Re: [MLS] Deniability as external to the MLS protocol

Chelsea Komlo <> Thu, 22 October 2020 18:38 UTC

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From: Chelsea Komlo <>
Date: Thu, 22 Oct 2020 12:38:19 -0600
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To: Richard Barnes <>
Cc: Messaging Layer Security WG <>
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Subject: Re: [MLS] Deniability as external to the MLS protocol
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Hi Richard,

This approach of per-conversation non-attributable signing keys ensures
"conversation/participation unlinkability", which implies deniability.

This is certainly a viable option for implementations at a level above MLS,
with the caveat that it has sharp edges as nothing in MLS forces signing
keys to be used for exactly one group. Further, ensuring both async
conversations and single-use-keys may be tricky.

It would be great for future versions of MLS to think about how to move
deniability within the protocol itself, but most importantly I think it is
best to keep the core protocol simple to understand and implement. Allowing
deniability protections to be implemented at a layer above MLS seems like a
good compromise towards finalizing the first version of the protocol.


On Thu, Oct 22, 2020 at 11:50 AM Richard Barnes <> wrote:

> Hey all,
> Some recent and soon-to-be-proposed changes involving signatures over the
> group's ratchet tree have raised concerns about the deniability of the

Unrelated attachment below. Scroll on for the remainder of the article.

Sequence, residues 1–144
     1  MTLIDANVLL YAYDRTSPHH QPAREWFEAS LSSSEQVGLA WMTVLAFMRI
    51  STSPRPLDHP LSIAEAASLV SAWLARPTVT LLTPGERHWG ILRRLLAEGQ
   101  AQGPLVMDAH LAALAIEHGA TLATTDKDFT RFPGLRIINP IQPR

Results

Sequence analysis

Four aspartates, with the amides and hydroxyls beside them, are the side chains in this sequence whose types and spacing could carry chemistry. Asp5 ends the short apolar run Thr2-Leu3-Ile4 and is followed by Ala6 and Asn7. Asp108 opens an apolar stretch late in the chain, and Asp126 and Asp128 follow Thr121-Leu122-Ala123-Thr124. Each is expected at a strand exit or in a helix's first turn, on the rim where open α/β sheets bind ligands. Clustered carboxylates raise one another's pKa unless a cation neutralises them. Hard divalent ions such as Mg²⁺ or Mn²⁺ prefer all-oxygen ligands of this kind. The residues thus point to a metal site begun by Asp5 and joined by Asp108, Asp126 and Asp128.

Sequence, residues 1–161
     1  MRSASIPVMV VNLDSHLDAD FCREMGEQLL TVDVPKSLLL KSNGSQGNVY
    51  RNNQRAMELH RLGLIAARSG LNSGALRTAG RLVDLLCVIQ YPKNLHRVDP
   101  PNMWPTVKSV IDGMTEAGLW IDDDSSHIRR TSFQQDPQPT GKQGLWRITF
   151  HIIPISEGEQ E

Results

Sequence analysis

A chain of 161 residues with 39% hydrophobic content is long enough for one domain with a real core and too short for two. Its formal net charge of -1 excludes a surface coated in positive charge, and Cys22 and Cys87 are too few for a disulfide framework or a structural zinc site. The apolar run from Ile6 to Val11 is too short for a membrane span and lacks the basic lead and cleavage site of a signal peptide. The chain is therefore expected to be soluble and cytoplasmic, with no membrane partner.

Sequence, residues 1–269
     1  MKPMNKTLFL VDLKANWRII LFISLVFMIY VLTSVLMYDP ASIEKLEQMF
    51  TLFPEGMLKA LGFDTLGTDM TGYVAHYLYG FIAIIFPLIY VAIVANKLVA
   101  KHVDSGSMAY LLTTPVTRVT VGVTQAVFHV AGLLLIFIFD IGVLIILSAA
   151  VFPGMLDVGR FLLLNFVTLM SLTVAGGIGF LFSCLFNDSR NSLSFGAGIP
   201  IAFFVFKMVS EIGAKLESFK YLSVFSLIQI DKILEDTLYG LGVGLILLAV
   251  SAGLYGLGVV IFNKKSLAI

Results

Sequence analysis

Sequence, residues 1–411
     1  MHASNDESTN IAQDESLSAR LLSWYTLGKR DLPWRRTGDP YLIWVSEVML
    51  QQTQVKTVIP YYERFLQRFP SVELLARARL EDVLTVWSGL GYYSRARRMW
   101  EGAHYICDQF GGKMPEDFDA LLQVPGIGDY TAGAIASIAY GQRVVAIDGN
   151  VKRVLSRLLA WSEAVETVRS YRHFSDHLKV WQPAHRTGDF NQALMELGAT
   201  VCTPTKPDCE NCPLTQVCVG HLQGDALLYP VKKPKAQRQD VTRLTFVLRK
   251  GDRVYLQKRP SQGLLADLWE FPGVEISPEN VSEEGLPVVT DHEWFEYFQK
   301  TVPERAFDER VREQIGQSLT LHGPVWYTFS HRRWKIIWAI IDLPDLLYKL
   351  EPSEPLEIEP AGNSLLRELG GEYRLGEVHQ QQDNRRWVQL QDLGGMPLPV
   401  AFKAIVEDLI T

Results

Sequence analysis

> protocol.  I'd like to propose that we can safely punt deniability to a
> different layer, and not worry about it in the core protocol.
> The basic idea here is that signing keys only need to be denied to the
> degree they are associated with an identity, so if the Authentication
> Service is deniable, all artifacts generated by MLS are as well.
> For example, supposed an application were set up in the following way:
> * Signature keys are only used with a single group (thus so are
> KeyPackages)
> * MLS credentials have no meaningful identity data (e.g., BasicCredential
> with identity=H(public_key))
> * Group members authenticate one another by exchanging signature public
> keys over a 1:1 deniable channel (e.g., X3DH)
> (Here we have instantiated a distributed, deniable Authentication Service
> as a full mesh of 1:1 deniable channels.)  In this setup, as far as an
> external observer knows, the whole group could have been generated by a
> single participant, which seems like a not-bad definition of deniablity.
> The MLS messages could be generated by anyone holding the relevant
> signature private keys, and the deniable signature key distribution means
> that anyone in the group could be the holder of those private keys.
> This model is still compatible with things like pre-publishing KeyPackages
> for asynchronous add.  You could obviously do an "add first, authenticate
> when the joiner comes online" scheme.  You might also be able to do
> something more proactive by pre-publishing some deniable data along with
> the KeyPackage.
> My goal here is to argue that there is at least one way of operating MLS
> in a deniable mode, pretty much regardless of what the protocol itself
> does.  If this argument seems plausible to folks, it should then be safe to
> make some changes that had been gated on deniability concerns:
> * Updating #406 so that the GroupPublicState is signed by the member that
> issues it
> * Updating the path hash / parent hash scheme as recommended in Joël's
> forthcoming proposal (and which I expect will look like what Benjamin and
> Karthik suggested back in January)
> I would also be open to adding something like the above discussion to the
> architecture document, if people thought it would be useful for posterity.
> Best,
> --Richard
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